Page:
This bull is no longer needed.

This bull is no longer needed.

We have been rearranging our farm for awhile now.  Livestock come and they go as needed.  For now we no longer need a breeding bull so he was sold and headed out to South Dakota for a change of scenery.   With our kids around as well as grandchildren nearby, safety becomes an issue and let’s just say he was getting a bit nasty.  Don’t let his cute face fool you.  There have been people, both young and old, who have been killed by a cute bull.


One and a half year old bull has done his job on our farm and has headed for a new home.

We are constantly moving livestock around, building pens and fences to accommodate the many changes that take place on a daily basis here.   There have been so many changes since just a year ago!   I wonder if people realize how much management goes into livestock farming?  We are certainly tied down.  It takes planning just to attend special events and sometimes you have to miss out on certain things.  Livestock farming also takes a caring nature towards the animals.  You’d be surprised how much dedication it takes to pull it all off in the end!   You don’t just go out and feed the livestock.

What time is lunch?

What time is lunch?

Observation is over half of raising livestock.   Are the animals eating?  Are they growing? Is their bedding dry and are they comfortable and healthy?  How about the feeders and the water?  Is the water frozen, is it clean?  How full are the feeders and are they working right?  Don’t forget the manure and how it looks, including their tail ends.   Doors need to be opened or shut according to weather and wind.  Are they chewing on their pens?  Do they have plenty of mineral/salt block left and how soon until Fred has to grind more feed?  These are just a few things that have to be observed.  Timing is important as well, especially milking and feeding time.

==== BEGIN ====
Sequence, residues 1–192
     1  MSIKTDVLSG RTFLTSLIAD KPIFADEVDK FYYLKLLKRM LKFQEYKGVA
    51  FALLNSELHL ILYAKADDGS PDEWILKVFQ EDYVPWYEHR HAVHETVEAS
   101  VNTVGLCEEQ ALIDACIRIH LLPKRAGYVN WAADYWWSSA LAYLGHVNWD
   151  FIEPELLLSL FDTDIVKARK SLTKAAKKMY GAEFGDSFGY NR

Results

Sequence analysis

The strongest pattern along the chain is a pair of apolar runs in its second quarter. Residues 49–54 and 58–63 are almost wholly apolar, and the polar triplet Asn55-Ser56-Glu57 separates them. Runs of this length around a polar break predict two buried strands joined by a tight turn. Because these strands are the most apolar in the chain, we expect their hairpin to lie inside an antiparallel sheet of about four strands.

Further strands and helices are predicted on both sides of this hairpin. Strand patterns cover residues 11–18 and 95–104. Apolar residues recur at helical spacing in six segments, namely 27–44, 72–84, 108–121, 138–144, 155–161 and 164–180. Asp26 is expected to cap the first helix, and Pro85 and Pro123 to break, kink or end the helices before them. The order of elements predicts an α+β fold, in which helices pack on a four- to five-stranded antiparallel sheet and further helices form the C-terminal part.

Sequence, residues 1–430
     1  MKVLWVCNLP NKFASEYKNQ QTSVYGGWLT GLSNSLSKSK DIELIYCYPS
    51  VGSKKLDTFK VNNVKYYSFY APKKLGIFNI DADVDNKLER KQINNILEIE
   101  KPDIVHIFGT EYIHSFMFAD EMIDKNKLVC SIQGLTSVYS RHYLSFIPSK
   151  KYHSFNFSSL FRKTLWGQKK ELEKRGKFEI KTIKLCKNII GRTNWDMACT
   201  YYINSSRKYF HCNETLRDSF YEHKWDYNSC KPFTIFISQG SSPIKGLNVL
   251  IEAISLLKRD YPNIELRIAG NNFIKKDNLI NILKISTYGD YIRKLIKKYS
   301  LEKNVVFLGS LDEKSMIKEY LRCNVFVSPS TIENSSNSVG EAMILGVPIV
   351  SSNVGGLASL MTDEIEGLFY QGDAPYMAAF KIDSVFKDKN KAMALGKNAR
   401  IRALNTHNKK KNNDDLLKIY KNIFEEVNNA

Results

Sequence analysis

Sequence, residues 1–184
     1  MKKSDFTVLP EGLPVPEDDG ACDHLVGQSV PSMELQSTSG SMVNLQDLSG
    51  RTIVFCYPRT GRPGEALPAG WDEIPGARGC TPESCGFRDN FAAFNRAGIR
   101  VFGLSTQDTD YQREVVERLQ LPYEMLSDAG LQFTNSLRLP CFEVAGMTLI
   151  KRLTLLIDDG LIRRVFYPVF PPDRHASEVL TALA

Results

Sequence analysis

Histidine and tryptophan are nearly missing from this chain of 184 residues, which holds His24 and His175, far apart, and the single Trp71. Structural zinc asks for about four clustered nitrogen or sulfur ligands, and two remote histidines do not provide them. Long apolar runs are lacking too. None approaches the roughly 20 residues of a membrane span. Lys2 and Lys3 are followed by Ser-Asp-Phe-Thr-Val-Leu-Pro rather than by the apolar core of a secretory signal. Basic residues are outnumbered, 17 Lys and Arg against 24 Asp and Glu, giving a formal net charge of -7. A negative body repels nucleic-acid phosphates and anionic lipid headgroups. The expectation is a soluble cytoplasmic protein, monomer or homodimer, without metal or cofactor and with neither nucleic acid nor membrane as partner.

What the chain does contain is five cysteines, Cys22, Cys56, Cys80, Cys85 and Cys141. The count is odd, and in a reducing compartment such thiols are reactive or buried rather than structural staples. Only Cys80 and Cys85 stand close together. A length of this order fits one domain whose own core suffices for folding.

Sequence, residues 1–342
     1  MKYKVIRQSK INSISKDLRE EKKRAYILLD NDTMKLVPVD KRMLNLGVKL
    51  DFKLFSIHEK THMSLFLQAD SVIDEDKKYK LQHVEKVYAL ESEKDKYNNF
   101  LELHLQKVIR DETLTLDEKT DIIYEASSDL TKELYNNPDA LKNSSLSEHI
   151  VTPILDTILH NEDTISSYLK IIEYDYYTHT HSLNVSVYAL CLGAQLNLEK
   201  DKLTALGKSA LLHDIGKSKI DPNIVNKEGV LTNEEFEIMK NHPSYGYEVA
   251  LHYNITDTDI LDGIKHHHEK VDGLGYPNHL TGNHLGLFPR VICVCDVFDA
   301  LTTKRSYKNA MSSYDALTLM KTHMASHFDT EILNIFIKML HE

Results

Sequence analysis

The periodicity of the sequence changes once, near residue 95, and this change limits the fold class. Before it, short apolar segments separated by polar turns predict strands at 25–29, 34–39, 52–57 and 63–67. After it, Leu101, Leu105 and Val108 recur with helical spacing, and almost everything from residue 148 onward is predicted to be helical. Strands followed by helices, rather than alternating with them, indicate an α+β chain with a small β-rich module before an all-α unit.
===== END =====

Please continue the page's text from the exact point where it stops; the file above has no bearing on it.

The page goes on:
Life is good by golly in spite of all the work!





About Callens Honey Farm

We live on a small family farm located in S.W. Minnesota, near the South Dakota border. The source of our honey is from white and red clover. The honey appears as liquid gold in color. Our honey is extracted using a hand cranked centrifugal force extractor. Then the honey is screened once into a holding container from which we later fill the small honey bottles. We do not heat treat the honey nor add any other ingredients. Pure and natural is our Minnesota honey! What could taste better?
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2 Responses to ~Bull~

  1. a great witness for a culture that no longer has any idea how food gets on the table —
    you are an inspiration!

  2. Rick says:

    He may be ornery, but he is handsome indeed! (I meant the bull) 😉
    Love the way you guys recycled those telephone posts to make a fence.

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